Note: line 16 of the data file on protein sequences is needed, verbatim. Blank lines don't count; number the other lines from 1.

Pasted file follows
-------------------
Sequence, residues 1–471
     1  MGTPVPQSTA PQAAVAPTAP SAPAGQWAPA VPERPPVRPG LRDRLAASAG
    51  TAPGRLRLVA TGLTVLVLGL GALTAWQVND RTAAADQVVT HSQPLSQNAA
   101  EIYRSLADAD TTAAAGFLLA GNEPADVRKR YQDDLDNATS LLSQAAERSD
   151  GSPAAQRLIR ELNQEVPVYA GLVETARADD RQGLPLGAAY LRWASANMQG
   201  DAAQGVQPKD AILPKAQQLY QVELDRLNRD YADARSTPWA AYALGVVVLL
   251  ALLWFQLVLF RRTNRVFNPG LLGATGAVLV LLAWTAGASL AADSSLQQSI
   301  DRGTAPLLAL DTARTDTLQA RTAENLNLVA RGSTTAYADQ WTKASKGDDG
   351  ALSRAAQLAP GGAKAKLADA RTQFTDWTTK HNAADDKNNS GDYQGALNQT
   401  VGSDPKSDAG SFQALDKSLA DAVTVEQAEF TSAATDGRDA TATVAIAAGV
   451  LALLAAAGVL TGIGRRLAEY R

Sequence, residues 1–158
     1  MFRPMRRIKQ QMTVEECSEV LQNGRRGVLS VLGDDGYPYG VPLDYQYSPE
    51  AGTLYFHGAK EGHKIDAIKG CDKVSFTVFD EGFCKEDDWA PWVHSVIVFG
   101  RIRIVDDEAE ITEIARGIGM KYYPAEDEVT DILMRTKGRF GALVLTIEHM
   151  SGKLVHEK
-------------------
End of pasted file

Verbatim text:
   151  SGKLVHEK